Toni has some sage advice too. It starts with simply giving Veganuary your best shot.

“There is no such thing as the vegan police. No one’s going to be sniffing around your fridge,” she says. “If you slip up, that just means you’re human. Carry on. Don’t use it as an excuse to give up, because every vegan meal that you have is good for the planet, good for animals and good for your health.”

Every vegan meal that you have is good for the planet, good for animals and good for your health.

For the love of animals

Alongside Veganuary’s top-notch campaign we take a dip into five other creative movements that are sparking change in the world of animal rights.

iAnimal by Animal Equality

Supported by Harry Potter actress and activist Evanna Lynch, this 360 virtual reality video immerses viewers in the reality of meat and dairy production. Viewing is not for the faint-hearted. But it does change those hearts that are brave enough to not turn away.

AUM’s triple feature

Cowspiracy – one of the most famous animal rights activism documentaries, with a devastating message about the environmental impact of meat and dairy consumption. The film comes from Animals United Movement (AUM), which has since made What the Health (a look at the impact of dairy on our bodies, and some draw-dropping conspiracies) and their newest film Seaspiracy (it’s like Cowspiracy… but fishier).

The Darwin Challenge

This clever app tots up your impact for every day you skip eating meat. You’ll see how many cows, chickens and fish you’ve saved, how much land you’ve protected, the kilometres of CO2 you’ve reduced and the extra lifespan you’ve given yourself. You don’t have to go meat-free every day, but once you see the impact it’s hard not to. And – the clue’s in the name – the great-great-grandson of Charles Darwin, Chris Darwin, is the concept’s co-founder. Could this be the next step in human evolution?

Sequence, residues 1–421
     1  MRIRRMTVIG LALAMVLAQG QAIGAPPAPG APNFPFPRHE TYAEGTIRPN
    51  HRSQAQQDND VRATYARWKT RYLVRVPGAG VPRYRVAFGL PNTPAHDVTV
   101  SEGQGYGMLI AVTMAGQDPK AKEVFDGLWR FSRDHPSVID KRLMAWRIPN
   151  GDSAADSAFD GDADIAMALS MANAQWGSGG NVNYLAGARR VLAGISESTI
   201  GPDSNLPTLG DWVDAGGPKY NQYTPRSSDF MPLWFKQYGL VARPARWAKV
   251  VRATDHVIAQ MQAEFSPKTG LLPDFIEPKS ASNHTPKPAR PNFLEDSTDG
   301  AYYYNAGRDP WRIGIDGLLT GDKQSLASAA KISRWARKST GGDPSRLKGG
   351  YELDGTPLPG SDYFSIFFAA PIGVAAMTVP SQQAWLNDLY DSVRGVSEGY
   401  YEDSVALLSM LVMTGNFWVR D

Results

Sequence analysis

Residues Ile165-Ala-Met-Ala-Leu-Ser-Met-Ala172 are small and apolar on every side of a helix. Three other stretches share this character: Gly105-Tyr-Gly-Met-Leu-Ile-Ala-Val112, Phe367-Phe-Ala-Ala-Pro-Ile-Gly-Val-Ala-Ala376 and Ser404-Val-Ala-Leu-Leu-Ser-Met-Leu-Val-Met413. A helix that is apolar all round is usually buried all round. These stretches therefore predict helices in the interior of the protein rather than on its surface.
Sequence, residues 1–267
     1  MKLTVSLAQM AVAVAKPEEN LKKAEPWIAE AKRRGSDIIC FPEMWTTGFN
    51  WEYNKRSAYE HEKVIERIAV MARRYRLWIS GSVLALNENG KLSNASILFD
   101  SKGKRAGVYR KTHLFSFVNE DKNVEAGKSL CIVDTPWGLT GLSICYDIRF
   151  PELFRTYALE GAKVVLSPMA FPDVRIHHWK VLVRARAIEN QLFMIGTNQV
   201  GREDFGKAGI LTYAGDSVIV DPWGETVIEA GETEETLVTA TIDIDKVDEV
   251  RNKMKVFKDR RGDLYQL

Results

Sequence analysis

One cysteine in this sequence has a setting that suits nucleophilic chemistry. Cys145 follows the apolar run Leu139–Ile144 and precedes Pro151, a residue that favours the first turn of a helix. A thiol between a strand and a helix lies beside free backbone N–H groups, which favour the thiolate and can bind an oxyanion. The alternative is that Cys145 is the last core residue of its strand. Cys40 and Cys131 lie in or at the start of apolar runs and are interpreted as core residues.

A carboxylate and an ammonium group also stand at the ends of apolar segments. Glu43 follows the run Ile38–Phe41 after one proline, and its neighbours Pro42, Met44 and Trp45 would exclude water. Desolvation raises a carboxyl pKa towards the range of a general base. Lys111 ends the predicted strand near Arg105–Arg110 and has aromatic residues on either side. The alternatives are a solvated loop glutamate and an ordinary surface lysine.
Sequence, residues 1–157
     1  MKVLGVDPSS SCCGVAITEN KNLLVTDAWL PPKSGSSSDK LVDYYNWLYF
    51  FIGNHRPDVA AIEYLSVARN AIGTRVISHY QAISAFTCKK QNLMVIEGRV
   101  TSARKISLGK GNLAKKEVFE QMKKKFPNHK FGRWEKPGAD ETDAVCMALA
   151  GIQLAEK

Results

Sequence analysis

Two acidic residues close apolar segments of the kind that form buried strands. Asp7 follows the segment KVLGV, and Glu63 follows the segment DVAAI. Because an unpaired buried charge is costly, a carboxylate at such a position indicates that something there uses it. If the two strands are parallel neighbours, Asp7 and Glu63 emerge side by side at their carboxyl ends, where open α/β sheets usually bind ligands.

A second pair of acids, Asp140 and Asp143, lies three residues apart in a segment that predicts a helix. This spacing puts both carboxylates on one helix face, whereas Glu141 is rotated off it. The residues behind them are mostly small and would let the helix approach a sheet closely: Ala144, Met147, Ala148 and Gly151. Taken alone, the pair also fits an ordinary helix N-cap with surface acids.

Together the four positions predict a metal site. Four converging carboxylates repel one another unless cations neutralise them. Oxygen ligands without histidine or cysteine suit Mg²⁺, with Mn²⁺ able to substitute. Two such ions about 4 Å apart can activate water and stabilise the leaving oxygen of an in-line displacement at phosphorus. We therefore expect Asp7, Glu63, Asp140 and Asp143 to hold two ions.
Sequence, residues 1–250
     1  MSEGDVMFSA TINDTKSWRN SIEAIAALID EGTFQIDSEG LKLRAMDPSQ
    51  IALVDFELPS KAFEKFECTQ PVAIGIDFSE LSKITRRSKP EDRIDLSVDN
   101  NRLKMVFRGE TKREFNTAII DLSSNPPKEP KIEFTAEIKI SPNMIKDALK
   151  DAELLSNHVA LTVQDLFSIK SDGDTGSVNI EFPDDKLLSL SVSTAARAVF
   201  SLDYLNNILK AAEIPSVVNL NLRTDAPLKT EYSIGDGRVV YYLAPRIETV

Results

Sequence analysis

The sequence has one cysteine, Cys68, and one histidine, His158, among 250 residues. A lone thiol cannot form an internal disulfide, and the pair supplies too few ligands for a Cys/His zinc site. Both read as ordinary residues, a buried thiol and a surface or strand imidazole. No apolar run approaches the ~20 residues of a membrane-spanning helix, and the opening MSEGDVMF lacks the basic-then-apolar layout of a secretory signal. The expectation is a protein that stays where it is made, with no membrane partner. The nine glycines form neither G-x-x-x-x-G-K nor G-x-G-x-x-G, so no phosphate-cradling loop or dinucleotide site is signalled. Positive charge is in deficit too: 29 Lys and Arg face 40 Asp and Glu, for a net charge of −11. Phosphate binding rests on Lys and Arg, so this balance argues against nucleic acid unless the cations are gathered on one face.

Happy Cow

The reason the bovine face of this app is so happy, is because she represents a network of vegan-friendly eateries and a like-minded community. Wherever you venture, you can browse the map to find restaurants and shops with plant-based food on the menu. Cheers to that! There’s also a blog for even happier cows.


HIDDEN: Animals in the Anthropocene is a coffee table book with a difference. This hard-hitting collection of work from 40 award-winning photojournalists explores the human relationship with the non-human animal world, and it is very often ugly. There’s a forward by Joaquin Phoenix and it’s worth looking up one of the photographers, Jo-Anne McArthur, who has released other incredible books like We Animal. These photos are the kind that stick with you – they’ll make people question their own relationships with our fellow living beings.

Now for some:
Vegan egg substitutes

What if we told you it’s possible to enjoy all your favourite dishes without eggs? Thanks to these vegan egg substitutes recommended by Veganuary, you can.

Veganuary’s famous faces

Actor Evanna Lynch, AKA Luna Lovegood: “I’ve loved Veganuary’s work for a long time because I know, having been a vegetarian who was intimidated by veganism, that so many people just won’t start because they think it’s too hard and that they’re going to fail.”

Hollywood superstar Joaquin Phoenix: “If you look at the climate crisis or the violence of our food system and feel helpless, thinking ‘I wish there was something I could do’– you can. Right now. Sign up to try vegan this January.”

British comedy genius Sara Pascoe: “I decided that I was going to do 100 days being vegan, and I was going to write it up and see how I felt. But within a week I felt so much better in my body that it then became ‘oh I am definitely going to do this forever.”

What’s so good about this?

Veganuary’s creative campaigning is making real changes. It’s helping people explore vegan eating, with a supportive hand to guide them. There’s a place for so many different types of animal rights activism – as our round-up shows – and creative approaches get people thinking in new ways. As Toni says, “We do all have the power to make a difference.”

If you want to join the writer in further embracing tofu-eating wokeratihood, sign up to Veganuary.

Katie Dancey-Downs writer profile

Meet the writer

When she’s not pretending to be a beaver holding back the rivers, Katie Dancey-Downs is a freelance writer and journalist with a passion for human stories, nature and culture. She is also assistant editor at Index on Censorship, an award-winning quarterly magazine. She’s travelled the world to report on issues such as vegan activism in Toronto, regenerative farming in India, and the destruction of Sacred Natural Sites in Kenya. She can usually be found with her head in a book, stomping through the forest, or wishing she looked cool on a surfboard. @Katie_Dancey.